Rooibos contains polyphenols that have anti-inflammatory, antiviral, and antimutagenic qualities. Polyphenols are organic chemicals that are often praised for their antioxidant capabilities. Studies suggest that regularly drinking organic red rooibos tea provides the liver with potent antioxidants, helping the organ to improve detoxification. Antioxidants act as scavengers of free radicals throughout the body, which are detrimental byproducts of cell metabolism that can cause cancer and heart diseases. Aspalathin and nothofagin are two other vital antioxidants that rooibos tea contains, making it a great beverage to boost your immune system and protect your body against all types of diseases.
Over a thousand years ago, matcha came to Japan as an aid to meditation practice. During long hours of sitting, monks would drink matcha to remain alert yet calm. Modern science has recently confirmed the lessons of centuries of tradition. Matcha is rich in L-Theanine, a rare amino acid that actually promotes a state of relaxation and well-being by acting upon the brains functioning. While stress can induce beta waves an excited, more agitated state, L-Theanine creates alpha waves, which lead to a state of relaxed alertness. And while L-Theanine is common in all tea, matcha may contain up to five times more of this amino acid than common black and green teas.
We believe that if you’re going to do something, you should do it right. That mentality took us around the world in search of the best Matcha. We eventually landed in Japan, where we found some of the brightest green powder we had ever seen. Japan has warm weather, and receives plenty of sunlight and rain — all of which make it an ideal climate in which to grow leaves.
Green tea contains significant amounts of flavonoids, antioxidants that protect against heart disease by slowing the breakdown of LDL cholesterol, preventing blood clots, and improving blood vessel function. The benefits of green tea also include associations with lower cholesterol and lower rates of artery blockages. People who drink a cup or two a day have a 46 percent lower risk of developing narrowed arteries. Upping that to three cups a day lowers the risk of having a heart attack by 43 percent and of dying from a heart attack by 70 percent. It can even help prevent a second heart attack. In a study of 1,900 patients recovering from heart attacks at Beth Israel Deaconess Medical Center in Boston, the death rate among patients who drank at least two cups of tea a day was 44 percent lower than among non-tea drinkers.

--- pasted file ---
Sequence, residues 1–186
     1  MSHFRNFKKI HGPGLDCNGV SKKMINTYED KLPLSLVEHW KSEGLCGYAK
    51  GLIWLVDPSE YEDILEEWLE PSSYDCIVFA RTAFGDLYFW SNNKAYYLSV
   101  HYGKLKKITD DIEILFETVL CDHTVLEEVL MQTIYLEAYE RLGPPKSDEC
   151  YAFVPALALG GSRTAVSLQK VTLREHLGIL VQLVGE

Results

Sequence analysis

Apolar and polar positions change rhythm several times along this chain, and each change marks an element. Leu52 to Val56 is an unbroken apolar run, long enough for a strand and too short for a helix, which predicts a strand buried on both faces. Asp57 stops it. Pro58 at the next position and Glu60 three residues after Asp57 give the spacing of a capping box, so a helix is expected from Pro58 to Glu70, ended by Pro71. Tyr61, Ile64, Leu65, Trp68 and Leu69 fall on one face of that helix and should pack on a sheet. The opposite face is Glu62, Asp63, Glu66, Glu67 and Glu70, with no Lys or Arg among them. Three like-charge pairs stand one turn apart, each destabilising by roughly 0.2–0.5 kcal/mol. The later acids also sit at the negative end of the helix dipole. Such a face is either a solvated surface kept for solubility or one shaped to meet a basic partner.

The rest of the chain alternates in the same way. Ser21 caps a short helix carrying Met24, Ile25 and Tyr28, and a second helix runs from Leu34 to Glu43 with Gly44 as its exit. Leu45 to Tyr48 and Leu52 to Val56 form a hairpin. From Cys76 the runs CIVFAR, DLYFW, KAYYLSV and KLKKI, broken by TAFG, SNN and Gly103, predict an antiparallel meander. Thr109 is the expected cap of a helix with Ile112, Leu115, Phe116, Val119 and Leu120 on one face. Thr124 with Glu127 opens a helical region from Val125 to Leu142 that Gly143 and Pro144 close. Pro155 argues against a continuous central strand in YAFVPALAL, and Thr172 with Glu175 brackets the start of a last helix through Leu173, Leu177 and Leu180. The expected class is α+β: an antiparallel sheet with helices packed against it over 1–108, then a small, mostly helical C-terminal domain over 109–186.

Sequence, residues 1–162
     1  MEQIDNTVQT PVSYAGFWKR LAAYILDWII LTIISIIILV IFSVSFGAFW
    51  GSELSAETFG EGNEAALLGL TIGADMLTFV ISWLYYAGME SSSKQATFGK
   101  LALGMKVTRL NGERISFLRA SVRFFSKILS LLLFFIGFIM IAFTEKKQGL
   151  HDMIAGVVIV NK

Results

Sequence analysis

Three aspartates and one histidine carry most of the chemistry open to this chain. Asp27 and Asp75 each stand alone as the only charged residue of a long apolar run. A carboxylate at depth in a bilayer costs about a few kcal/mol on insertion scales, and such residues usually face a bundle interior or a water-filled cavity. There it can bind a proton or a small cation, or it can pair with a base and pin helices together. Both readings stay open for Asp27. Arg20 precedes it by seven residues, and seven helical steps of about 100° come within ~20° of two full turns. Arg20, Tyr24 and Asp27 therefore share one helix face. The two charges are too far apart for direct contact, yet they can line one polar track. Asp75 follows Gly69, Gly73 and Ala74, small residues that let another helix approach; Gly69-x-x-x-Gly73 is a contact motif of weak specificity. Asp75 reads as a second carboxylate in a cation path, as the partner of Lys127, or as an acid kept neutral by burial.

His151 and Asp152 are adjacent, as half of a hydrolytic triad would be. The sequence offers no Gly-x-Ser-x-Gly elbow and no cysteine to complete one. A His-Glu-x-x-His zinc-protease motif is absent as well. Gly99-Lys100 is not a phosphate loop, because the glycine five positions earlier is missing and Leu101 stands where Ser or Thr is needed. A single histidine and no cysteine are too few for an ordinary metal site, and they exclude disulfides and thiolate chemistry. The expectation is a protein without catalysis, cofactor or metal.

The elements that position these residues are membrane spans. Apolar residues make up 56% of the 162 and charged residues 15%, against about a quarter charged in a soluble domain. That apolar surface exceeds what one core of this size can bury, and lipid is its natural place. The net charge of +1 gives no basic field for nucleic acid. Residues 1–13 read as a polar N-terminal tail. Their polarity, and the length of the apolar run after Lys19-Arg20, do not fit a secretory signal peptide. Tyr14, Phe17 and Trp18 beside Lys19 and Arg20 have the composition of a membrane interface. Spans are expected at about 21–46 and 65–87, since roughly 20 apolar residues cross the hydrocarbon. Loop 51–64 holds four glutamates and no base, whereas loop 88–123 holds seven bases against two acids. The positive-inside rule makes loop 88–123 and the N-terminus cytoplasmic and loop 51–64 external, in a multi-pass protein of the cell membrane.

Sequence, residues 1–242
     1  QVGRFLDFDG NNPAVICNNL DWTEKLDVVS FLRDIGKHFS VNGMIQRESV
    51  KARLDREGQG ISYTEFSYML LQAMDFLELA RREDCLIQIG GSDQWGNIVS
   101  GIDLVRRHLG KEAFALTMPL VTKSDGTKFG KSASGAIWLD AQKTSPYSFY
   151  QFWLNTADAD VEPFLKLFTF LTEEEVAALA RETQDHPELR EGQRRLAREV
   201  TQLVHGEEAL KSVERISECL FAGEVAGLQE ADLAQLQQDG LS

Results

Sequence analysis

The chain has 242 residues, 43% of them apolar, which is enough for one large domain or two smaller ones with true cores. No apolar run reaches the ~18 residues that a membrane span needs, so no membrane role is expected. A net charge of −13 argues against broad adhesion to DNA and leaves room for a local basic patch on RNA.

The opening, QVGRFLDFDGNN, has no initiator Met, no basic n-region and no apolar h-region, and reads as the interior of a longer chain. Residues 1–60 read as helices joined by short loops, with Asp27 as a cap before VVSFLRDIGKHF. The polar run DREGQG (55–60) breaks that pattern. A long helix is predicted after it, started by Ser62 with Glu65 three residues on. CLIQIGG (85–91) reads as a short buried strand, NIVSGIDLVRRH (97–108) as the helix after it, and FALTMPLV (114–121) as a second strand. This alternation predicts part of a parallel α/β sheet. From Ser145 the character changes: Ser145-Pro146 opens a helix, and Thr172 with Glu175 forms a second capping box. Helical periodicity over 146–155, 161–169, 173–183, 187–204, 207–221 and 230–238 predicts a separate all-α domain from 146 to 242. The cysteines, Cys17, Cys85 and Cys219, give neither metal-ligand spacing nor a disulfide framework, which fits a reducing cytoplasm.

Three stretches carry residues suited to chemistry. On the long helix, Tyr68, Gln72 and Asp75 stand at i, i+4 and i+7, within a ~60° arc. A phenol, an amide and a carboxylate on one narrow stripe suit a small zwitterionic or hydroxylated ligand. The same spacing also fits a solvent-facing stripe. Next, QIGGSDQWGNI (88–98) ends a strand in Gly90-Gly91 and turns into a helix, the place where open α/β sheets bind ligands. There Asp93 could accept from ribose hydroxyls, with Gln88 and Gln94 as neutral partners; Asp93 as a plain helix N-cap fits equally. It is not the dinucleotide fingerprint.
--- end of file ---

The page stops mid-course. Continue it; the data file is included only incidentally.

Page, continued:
Unsweetened brewed green tea is a zero calorie beverage. The caffeine contained in a cup of tea can vary according to the length of infusing time and the amount of tea infused. In general, green tea contains a relatively small amount of caffeine (approximately 20-45 milligrams per 8 ounce cup), compared with black tea, which contains about 50 milligrams and coffee with 95 milligrams per cup.
improves insulin sensitivity and may help protect against diabetes, as well as against rapid rises and subsequent crashes in blood sugar levels that lead to fatigue, irritability, and food cravings. A study in Annals of Internal Medicine found consumption of green tea (as well as black tea and coffee), was associated with a reduced risk of type 2 diabetes.
Like gyokuro, matcha is shaded before plucking. The plucked and processed leaf is called tencha. This product is then ground into a fine powder, which is matcha. Because the tea powder is very perishable, matcha is usually sold in small quantities. It is typically rather expensive. Matcha is the type of tea used in the Japanese tea ceremony. It is prepared by whisking the tea with hot water in a bowl, until the surface is frothy. If the water is too hot, the tea may become overly bitter.
Ceremonial grade: Ceremonial grade is the highest quality matcha from the most carefully cultivated buds and leaves. Ceremonial grade is given the most attention to detail during processing to yield the freshest, most delicate tasting, and smoothest ground matcha. Ceremonial grade is meant to be enjoyed on its own, with no other sweeteners or additives, to really enjoy and appreciate the intended flavor.
Green tea, however, is considered to have originated in China. It is said that even today the word “tea” in China refers only to green tea, not to the general category of tea as it does in the West. China’s Yunnan province is considered to be the original home of the Camellia sinensis plant species. In fact, 260 of the world’s 380+ varieties of tea can be found in Yunnan.